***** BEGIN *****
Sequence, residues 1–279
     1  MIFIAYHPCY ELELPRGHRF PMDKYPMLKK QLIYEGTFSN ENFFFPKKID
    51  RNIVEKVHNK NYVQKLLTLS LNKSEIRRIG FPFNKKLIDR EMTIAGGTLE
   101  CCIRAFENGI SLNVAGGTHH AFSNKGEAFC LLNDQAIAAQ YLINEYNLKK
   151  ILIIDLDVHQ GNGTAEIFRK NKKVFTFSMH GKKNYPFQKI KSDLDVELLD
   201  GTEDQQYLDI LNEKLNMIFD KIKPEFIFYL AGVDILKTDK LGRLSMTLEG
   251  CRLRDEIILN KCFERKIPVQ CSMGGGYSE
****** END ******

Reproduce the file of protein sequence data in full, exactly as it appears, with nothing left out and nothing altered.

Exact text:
Sequence, residues 1–279
     1  MIFIAYHPCY ELELPRGHRF PMDKYPMLKK QLIYEGTFSN ENFFFPKKID
    51  RNIVEKVHNK NYVQKLLTLS LNKSEIRRIG FPFNKKLIDR EMTIAGGTLE
   101  CCIRAFENGI SLNVAGGTHH AFSNKGEAFC LLNDQAIAAQ YLINEYNLKK
   151  ILIIDLDVHQ GNGTAEIFRK NKKVFTFSMH GKKNYPFQKI KSDLDVELLD
   201  GTEDQQYLDI LNEKLNMIFD KIKPEFIFYL AGVDILKTDK LGRLSMTLEG
   251  CRLRDEIILN KCFERKIPVQ CSMGGGYSE